Although it is technically possible to
drag maps along after their structures using the matrix_copy command, my advice
is to pre-align all of the structures you wish to compare and then save them
back out prior to performing the electrostatics calculations.
If that does not meet your intended purpose,
then use matrix_copy as follows, to bring the maps into alignment with the
matrix_copy source_name, target_name
Where source_name is the transformed
molecule and target_name is the transformed map (or mesh, or surface) object
PyMOL isn’t yet sophisticated enough
to do this automatically, or interactively…though the need is apparently there.
From: Romain Studer
Sent: Friday, March 20, 2009 10:21
Subject: [PyMOL] How to manipulate
different proteins with electrostaticmaps?
I'm working with PyMol-X11Hybrid on MacOSX.
I have 5 different homologous proteins.
I used pdb2pqr to convert all my proteins.
For each protein, I applied APBS in command line to get the
I am able to load all proteins (.pdb) in PyMol and the corresponding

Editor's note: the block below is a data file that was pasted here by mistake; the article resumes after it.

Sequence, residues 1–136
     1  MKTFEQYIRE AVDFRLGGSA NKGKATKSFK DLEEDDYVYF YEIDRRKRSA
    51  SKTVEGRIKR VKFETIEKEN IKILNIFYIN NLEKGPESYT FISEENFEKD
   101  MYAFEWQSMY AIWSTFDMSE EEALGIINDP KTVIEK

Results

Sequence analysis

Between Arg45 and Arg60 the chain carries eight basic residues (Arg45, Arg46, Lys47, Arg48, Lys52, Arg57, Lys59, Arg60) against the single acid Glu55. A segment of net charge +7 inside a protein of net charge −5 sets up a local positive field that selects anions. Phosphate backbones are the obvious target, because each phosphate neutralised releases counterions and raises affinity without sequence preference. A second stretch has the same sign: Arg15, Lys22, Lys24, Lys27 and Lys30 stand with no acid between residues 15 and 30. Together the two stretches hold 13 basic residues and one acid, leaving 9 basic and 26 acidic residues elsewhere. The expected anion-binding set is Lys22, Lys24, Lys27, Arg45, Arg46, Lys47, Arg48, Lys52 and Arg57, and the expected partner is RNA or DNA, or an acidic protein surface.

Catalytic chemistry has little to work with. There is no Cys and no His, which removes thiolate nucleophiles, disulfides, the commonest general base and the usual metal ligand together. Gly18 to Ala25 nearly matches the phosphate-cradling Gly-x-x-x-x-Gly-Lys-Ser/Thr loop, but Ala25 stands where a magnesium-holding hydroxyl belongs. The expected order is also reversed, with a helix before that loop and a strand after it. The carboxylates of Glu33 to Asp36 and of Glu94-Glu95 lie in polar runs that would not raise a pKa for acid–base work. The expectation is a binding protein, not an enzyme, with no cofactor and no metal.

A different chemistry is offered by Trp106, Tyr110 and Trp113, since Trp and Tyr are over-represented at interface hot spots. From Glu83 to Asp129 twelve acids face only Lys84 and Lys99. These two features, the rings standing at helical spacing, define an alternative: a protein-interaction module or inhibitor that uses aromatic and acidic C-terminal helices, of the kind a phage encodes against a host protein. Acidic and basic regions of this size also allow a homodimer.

electrostatic maps (.dx).
But I can't manipulate them. If I align all to one structure, if I
rotate them and if I made translations,
the electrostatic map doesn't stay on the structure.
I followed the insctrutions gived by Warren in July 2008 (see at the end of my
email), but it still doesn't work. I can't view two or more structure with
electrostatic map in the same window in PyMol.
I would to know if it is possible to fix the electrostatic map (ie
colours blue and red) onto the surface of the protein?
of Ecology and Evolution
University of Lausanne,
+41 21 692 4221 Fax: +41 21 692 4165
Institute of Bioinformatics
Bioinformatics Group - FBM / DEE
If you're still having trouble getting what you want with Michael's APBS
Plugin, here's how I might display two such maps using PyMOL commands
ramp_new ramp1, pdbset_1, [ -3, 0, 3]
ramp_new ramp3, pdbset_3, [ -3, 0, 3]
set surface_color, ramp1, pdbset1
set surface_color, ramp3, pdbset3
Note that the surface_ramp_above_mode setting colors surfaces based on the
potential that would be felt by an atom in contact with the surface, as
opposed to the potential at the molecular surface itself (which is less
meaningful, since no atom could ever feel such a potential).